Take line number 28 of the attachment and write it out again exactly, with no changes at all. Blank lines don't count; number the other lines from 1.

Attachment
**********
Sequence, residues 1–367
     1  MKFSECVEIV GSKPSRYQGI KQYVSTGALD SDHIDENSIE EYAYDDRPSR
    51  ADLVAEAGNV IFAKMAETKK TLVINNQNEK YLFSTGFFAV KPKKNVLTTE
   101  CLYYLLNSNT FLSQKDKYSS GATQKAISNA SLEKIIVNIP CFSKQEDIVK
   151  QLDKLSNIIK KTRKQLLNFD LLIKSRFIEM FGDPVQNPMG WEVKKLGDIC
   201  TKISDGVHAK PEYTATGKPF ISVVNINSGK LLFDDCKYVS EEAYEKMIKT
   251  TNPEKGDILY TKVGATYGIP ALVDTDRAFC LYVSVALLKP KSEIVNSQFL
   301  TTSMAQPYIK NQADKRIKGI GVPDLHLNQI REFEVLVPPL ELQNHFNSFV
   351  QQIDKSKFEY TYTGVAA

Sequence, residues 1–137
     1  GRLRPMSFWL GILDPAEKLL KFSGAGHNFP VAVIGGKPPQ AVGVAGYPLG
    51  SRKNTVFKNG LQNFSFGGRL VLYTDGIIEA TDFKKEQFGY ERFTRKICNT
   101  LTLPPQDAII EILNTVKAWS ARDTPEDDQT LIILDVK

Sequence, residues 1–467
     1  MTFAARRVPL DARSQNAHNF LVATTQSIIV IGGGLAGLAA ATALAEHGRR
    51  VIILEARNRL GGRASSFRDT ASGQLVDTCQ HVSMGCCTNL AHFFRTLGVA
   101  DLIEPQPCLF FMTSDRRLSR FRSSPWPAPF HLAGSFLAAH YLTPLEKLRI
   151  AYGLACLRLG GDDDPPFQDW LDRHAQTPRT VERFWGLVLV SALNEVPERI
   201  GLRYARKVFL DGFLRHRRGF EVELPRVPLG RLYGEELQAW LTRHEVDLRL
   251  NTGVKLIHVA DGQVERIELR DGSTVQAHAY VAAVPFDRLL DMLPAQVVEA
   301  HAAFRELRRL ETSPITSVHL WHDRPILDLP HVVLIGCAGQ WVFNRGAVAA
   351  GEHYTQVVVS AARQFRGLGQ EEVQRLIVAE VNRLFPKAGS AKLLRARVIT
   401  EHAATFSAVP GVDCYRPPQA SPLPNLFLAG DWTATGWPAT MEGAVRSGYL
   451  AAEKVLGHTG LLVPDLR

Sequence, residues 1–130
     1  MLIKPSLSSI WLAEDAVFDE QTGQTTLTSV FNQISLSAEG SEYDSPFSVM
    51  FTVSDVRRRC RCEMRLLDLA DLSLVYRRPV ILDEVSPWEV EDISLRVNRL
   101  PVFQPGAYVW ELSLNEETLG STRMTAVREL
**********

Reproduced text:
   101  PVFQPGAYVW ELSLNEETLG STRMTAVREL